There are several logistical factors that go into choosing a school before you start even talking about fit. Included in those are: cost and location. These are the first two topics that I suggest parents to focus on when discussing options for college prior to diving into the nitty gritty. These can really be deal breakers when it comes to making the decision as a family in which colleges/universities to apply to. This is also the time to consider application to some schools that might be out of geographical or financial reach because they are such great opportunities that you’d like to test out the waters (see what financial aid package comes through or make a visit or two to Colorado?) prior to making a final decision to rule it out.
Ok, the next section is the nitty gritty I mentioned above – it’s about fit. What type of college, surrounding, environment will help you thrive and accomplish your future goals – that’s fit. There are a ton of components to fit and what will be the “best” college to help you thrive. First consider the items below and what your preferences might be.
- Size of the entering class/size of the campus
- Student Faculty Ratios
- Geography (how far from home? City or rural? Seasons, Cloudy, or Sunny?)
- Cultural diversity
- Internship/job opportunities
- Study abroad/traveling opportunities
- Engaging curriculum, topics to study (experimental colleges, engineering with legos, Japanese Art History)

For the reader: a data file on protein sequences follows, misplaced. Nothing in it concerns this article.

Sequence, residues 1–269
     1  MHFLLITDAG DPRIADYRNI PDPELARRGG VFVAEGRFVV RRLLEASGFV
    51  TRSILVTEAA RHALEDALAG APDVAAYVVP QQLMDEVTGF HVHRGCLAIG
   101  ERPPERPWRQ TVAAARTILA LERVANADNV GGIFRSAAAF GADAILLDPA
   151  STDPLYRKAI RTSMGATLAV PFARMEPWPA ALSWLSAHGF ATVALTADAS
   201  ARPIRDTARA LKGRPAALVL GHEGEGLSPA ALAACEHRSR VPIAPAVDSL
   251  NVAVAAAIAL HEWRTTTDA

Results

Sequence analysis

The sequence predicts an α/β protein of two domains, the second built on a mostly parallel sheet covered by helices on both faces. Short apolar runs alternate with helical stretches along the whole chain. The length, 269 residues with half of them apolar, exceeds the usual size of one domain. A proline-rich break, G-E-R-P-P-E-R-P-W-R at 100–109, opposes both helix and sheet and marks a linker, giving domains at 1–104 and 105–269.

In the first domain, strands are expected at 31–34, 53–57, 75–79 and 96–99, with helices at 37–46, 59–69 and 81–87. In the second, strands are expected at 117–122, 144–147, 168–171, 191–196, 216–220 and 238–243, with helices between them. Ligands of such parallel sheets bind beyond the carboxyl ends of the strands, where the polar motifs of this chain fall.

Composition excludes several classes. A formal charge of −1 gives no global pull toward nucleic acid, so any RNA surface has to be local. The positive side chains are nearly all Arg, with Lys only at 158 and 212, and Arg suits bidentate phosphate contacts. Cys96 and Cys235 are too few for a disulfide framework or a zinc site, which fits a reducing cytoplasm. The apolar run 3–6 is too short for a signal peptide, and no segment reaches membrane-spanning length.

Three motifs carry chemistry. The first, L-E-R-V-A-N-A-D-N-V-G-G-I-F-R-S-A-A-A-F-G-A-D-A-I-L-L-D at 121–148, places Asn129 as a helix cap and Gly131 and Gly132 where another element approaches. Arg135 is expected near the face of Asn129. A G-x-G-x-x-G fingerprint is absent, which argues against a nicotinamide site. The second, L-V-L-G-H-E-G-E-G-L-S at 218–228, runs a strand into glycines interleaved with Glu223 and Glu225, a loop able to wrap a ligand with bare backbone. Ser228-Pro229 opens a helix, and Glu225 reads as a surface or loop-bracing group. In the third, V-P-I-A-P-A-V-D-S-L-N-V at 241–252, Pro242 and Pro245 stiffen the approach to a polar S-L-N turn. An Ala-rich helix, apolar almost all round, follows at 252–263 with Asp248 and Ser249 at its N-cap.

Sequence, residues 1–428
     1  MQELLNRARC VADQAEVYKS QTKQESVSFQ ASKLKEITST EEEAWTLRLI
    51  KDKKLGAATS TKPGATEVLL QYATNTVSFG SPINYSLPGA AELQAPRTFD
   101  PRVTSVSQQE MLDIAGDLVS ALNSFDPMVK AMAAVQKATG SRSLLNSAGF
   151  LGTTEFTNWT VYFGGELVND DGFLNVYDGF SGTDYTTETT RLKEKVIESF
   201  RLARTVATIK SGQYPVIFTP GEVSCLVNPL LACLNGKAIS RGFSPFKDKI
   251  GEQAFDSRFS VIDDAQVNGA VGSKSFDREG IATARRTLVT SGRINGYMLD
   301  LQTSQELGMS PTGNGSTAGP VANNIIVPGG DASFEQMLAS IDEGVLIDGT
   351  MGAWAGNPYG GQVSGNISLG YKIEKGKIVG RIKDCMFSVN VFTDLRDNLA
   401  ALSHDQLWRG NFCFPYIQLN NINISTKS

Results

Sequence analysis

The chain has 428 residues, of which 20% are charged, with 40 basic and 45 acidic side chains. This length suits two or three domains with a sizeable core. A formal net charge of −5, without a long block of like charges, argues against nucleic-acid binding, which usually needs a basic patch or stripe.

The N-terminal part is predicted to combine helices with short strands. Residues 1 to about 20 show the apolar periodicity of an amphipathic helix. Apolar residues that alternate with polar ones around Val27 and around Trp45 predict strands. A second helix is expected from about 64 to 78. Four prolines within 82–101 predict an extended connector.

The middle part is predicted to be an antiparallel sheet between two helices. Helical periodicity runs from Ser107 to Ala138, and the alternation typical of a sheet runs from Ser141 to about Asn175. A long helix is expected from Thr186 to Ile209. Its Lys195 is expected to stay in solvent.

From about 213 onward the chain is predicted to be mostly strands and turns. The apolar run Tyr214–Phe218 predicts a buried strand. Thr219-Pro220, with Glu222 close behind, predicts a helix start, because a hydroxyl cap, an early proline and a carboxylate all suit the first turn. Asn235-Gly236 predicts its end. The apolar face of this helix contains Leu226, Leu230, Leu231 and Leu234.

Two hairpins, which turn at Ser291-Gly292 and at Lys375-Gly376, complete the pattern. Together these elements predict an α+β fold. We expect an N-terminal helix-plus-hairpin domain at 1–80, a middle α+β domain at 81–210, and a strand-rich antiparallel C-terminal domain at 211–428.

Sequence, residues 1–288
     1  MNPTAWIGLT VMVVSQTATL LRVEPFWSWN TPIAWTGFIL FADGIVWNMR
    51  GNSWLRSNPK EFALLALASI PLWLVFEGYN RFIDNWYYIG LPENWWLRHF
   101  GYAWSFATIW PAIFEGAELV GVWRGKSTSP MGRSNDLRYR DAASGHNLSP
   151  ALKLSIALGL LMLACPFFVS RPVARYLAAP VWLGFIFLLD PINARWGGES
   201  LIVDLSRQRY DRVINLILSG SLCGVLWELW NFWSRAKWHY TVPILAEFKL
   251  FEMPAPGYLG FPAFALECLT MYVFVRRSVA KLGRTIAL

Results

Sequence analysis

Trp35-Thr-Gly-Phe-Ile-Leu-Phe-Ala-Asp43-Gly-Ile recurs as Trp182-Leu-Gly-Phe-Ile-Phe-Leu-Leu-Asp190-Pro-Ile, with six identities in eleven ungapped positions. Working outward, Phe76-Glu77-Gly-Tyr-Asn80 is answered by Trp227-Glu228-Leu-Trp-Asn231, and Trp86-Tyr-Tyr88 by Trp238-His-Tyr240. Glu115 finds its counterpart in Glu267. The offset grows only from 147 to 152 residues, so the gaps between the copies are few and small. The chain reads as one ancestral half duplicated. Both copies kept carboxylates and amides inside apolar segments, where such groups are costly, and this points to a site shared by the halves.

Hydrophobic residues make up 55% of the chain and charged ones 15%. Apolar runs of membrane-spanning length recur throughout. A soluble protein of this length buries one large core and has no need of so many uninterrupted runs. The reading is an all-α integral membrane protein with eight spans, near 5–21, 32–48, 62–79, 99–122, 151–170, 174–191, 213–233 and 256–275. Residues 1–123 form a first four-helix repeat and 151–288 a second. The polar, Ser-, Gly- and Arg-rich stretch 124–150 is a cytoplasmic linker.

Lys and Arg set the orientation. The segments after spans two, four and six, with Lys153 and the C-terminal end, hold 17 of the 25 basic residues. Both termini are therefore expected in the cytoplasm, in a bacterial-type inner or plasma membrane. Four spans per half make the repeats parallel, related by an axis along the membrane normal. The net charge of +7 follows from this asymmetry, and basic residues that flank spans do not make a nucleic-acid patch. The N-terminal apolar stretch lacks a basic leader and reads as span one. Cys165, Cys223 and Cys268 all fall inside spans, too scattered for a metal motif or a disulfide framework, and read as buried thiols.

- Activities that match your interests (think: intramural sports, arts, orchestra, cultural clubs)
- Academic support services
- Career services (read: help with job interviews, recruiting, resume building)
- Campus safety
- Campus life (commuter students, residential, Greek life, etc)
- Health and wellness (read: food and exercise options)
- Alumni networks – what can the school do for you after you’re out
You now have a good idea of what types of schools you should be looking at. Coupled with your test scores and school grades/ranking, you have a good idea of where you will fit on the spectrum. For students looking to be at a more competitive or rigorous school, you might consider taking this information to the ranking reports and see which schools might be a good fit. Others might use a resource like http://collegeapps.about.com/od/choosingacollege/u/choose_a_school.htm to narrow down on small class sizes, large campuses, or programs with a lot of academic support services.
Okay, I know that feels a bit backward because I haven’t yet talked about a good academic match. Well that’s because for the majority of students don’t have a really specific niche yet and that’s because many students haven’t experienced enough to know what they don’t know about the opportunities in careers in the world. For the majority of students, I’d recommend to know a general idea of the industry or job function you’d like to go into after college and narrow down the application list to those that have that type of program available (think broad: marketing = marketing, psychology, sociology; business = applied math, economics, business; teaching = child development, psychology, education).
If in the rare case you are one of those high school juniors/seniors that knows what they want to be – the above list is still something to think about, but you may want to apply the thought topics to list of schools that already exists of your specialized interest (music conservatories/colleges, programs with strong pre-med or combined degree programs, business schools, etc).
The next step after creating a solid list (the usual is between 7-12 schools) is visiting them (if you haven’t already) and making sure the schools are diversified in terms of possibilities for acceptance (reach schools vs match schools).
Good luck in finding a few great choices for your best fit!